Language is one of the ways that I came to anarchist thinking. Sort of. Over time I started to see and take an interest in the ways in which different languages represented the same things - for example the gendering of different nouns and conjugates in japanese and spanish (which, to my chagrin, I still don't speak), and how that was informed by, and informed, cultures where that was the dominant language. From there, I started questioning what the implications were for me as an english speaker, which led to a revisiting of Orwell's 1984 to examine newspeak and some explorations of how Hitler and the Soviet Union used language to their ends. By the end I had concluded that language shaped our perceptions of the world, generally in ways that perpetuated hierarchy and domination (not that I would've used that language to say that as a 21 year old punk rocker). I totally got stoked that Chomsky was a linguist, though I never really understood academic theories of linguistics very well.

Several years later, as a (pardon the term) self-identified anarchist, I read Zerzan's Origins essays (for example: http://theanarchistlibrary.org/library/john-zerzan-language-origin-and-meaning) and it brought me back to that initial foray into language as a form of domination. Although I don't fully agree with his conclusions, the idea of symbolic thought and communication as being a root of alienation has always resonated with me. More recently, I have been fascinated by the ways in which terms like political correctness are used to delegitimize confronting oppressive behavior, as well as how progressive and radical endeavors to address oppressive language manage to spawn further forms of hierarchy.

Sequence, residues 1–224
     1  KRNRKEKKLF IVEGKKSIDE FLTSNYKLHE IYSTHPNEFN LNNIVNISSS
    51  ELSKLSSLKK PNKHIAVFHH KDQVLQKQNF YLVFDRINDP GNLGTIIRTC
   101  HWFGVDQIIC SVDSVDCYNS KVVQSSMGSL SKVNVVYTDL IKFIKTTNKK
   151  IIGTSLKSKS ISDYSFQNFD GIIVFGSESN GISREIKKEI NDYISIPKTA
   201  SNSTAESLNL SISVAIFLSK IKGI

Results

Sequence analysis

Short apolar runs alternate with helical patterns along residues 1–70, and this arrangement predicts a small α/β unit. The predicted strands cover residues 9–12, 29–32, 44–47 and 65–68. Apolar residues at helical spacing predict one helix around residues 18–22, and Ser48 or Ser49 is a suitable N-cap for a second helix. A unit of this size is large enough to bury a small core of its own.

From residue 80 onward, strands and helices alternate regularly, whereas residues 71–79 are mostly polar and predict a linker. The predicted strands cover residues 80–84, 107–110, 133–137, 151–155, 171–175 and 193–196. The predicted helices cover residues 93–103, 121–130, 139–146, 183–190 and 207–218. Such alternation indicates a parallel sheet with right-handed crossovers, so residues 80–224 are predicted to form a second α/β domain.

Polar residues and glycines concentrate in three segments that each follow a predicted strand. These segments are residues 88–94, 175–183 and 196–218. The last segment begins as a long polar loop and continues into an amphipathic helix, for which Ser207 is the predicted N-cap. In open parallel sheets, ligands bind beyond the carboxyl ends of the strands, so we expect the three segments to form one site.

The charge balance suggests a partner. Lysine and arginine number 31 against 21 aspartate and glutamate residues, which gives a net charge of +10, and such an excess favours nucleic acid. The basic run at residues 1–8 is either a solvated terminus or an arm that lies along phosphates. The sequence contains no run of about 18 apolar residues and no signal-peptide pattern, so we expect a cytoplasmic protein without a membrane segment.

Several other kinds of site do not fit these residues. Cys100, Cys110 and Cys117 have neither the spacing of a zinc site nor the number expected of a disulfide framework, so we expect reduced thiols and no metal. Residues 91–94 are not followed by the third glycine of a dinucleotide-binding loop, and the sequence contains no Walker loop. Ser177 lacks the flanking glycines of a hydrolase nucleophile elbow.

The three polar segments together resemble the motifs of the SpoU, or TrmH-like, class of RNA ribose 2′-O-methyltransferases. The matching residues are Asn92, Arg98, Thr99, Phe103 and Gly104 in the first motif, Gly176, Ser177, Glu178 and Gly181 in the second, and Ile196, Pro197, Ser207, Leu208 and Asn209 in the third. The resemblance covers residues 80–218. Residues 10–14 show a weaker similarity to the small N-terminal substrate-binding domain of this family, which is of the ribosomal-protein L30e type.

I don't know if we will ever find an unalienated method of communication (I'm not a believer in becoming telepathic post-linguistic hunter gatherers), but I do think that always examining how and why we say what we say is important.
answered Oct 25, 2012 by ingrate (23,670 points)
edited Oct 31, 2012 by ingrate
suzette haydn elgin wrote some fun science fiction about language.
i wish she would write more. :(
more science fiction references FTW!
editing the answer to a question about language for clarity, typos, and generally shitty writing. HA!